Amid unrest, CEOs and brands denounce racism in Floyd killing

Organizations offer anguished responses to the killing of a black man in Minneapolis while remaining silent on the vandalism and looting of their stores.

Editor’s note: This article is a re-run as part of our countdown of top stories from the past year.

How should an organization respond when a civil rights outrage—the death of an African American in police custody—is followed by nationwide looting and arson?

The question is especially fraught when many companies’ stores are victims of a backlash that included looting and arson.

The nation erupted in fury over the death of George Floyd, a black man who died in handcuffs as a Minneapolis police officer knelt on Floyd’s neck for more than eight minutes. For their parts, businesses took a calibrated approach in their messaging.

The now-fired officer, Derek Chauvin, has been charged with third-degree murder. As many called the charges insufficient, peaceful protests nationwide spiraled into outbursts of looting and burning that didn’t spare major brands.

Blogs, internal statements and Twitter accounts tended to keep the focus on condemning racism and police brutality, with fewer publicly addressing the violence—even when it destroyed their stores. With details murky about so many instances of violence, executives might be opting to stick to what’s known until further information becomes available.

Heartfelt statements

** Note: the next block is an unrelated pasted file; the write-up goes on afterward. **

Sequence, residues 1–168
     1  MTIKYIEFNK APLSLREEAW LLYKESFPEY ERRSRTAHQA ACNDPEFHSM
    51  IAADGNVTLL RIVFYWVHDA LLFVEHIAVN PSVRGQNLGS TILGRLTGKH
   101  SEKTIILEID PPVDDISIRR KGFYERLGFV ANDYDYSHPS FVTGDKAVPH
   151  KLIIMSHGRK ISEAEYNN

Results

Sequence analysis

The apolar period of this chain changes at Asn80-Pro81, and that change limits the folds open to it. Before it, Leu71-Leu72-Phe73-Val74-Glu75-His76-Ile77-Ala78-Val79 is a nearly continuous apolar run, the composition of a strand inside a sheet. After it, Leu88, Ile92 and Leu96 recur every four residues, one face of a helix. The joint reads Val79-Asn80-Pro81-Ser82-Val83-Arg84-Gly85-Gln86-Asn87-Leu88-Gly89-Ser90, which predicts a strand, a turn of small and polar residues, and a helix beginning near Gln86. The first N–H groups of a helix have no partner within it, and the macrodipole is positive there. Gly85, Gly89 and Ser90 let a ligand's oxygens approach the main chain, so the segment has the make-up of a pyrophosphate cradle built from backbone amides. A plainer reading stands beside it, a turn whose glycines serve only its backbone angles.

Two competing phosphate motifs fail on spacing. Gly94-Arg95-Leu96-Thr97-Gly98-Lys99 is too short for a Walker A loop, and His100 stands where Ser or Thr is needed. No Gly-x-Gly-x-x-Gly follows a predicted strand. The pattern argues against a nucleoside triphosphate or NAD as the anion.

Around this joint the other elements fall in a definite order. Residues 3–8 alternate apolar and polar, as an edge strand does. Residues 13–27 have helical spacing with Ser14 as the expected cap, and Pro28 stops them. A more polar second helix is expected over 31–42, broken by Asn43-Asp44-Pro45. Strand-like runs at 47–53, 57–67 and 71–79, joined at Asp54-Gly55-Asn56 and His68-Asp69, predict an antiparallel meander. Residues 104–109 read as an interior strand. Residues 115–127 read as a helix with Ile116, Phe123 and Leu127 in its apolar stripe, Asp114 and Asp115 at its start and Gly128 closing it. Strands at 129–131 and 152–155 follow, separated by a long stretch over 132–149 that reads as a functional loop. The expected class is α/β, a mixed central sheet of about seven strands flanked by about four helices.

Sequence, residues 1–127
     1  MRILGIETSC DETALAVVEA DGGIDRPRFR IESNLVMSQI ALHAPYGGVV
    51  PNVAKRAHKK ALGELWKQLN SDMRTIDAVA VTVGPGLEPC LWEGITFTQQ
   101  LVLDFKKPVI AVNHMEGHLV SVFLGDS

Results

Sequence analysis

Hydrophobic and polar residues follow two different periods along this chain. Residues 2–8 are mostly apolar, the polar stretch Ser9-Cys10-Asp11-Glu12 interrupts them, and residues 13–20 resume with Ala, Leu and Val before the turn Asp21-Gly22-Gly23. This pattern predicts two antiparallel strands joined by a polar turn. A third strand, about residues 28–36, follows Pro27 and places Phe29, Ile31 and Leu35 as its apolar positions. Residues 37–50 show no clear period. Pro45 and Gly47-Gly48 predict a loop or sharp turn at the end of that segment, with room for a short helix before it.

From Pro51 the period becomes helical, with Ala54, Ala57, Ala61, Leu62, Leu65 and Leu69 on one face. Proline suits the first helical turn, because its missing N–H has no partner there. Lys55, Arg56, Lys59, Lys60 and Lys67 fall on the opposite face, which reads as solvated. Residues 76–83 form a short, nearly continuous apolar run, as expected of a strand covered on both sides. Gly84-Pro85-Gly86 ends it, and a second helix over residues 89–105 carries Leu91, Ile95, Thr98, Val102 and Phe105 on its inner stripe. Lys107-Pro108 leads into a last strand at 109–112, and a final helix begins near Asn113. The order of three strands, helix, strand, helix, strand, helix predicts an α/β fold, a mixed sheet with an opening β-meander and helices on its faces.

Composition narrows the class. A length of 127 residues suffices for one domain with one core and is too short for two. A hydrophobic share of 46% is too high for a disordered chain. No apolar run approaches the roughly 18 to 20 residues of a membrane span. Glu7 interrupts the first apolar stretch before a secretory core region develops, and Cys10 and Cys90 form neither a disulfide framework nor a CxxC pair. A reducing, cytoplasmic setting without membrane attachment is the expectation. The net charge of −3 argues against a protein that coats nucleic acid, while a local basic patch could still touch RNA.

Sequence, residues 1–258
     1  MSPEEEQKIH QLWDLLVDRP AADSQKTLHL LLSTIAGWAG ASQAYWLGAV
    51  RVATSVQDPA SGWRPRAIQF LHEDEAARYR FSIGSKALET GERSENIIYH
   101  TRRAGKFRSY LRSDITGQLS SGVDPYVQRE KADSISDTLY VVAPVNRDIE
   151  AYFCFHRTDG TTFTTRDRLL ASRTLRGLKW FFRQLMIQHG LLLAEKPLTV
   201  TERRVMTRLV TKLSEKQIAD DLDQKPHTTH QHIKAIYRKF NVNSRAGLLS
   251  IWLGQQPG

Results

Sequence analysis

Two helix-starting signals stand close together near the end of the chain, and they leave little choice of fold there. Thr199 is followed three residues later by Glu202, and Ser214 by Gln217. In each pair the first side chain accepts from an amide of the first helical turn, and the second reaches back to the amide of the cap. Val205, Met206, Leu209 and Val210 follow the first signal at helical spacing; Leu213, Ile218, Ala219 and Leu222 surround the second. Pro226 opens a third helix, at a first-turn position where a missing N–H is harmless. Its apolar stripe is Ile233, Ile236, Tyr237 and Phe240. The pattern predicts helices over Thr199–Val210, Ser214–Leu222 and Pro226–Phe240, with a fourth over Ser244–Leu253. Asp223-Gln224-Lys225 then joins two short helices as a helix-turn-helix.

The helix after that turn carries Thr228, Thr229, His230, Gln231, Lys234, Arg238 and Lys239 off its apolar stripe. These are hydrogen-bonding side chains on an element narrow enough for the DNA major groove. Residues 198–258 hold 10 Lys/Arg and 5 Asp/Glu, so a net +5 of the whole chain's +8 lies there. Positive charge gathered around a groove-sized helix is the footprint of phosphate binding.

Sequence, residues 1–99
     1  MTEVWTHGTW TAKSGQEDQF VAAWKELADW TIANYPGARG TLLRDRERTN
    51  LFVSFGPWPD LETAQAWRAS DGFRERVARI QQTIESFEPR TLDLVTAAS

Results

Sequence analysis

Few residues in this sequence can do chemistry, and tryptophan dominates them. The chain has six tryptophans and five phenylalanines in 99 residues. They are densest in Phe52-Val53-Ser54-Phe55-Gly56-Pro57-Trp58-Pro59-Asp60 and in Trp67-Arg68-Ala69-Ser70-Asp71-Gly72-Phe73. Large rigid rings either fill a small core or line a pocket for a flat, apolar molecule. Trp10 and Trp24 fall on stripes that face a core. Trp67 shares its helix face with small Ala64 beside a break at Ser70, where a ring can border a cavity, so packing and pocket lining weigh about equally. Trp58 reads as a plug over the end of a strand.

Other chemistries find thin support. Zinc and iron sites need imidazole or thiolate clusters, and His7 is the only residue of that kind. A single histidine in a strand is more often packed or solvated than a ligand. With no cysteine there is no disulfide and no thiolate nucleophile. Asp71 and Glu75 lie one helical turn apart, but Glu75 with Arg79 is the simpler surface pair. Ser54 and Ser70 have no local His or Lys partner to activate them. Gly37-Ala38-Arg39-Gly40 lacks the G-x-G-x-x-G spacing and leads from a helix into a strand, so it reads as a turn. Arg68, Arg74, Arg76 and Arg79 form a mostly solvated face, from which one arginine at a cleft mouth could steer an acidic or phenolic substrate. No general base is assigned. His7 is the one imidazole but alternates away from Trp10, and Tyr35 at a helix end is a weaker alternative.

Some leaders offered deeply personal messages. Robert Smith, founder of Vista Equity Partners, sent a poignant memo to his firm’s staff over the weekend, The New York Times noted. He said that in the faces of Floyd and others, he sees himself as a young man, and is reminded of the many times he has been judged “not by my character, but by my skin color.”

“I can still vividly recall the pain I felt as a youth when I found my mother and father comforting each other as they just learned that my uncle was shot dead, by a white gas station attendant,” he wrote. “I was quite confused by this as my uncle, who had just received his master’s degree and was recently married, was quite excited about having landed a job with the State of Colorado inspecting various facilities across the state.”

Apple CEO Tim Cook acknowledged employees’ pain over Floyd’s killing and promised to donate to anti-racism causes, but he did not directly address looting at Apple stores in cities including Philadelphia, New York, Salt Lake City, Los Angeles, Washington and San Francisco.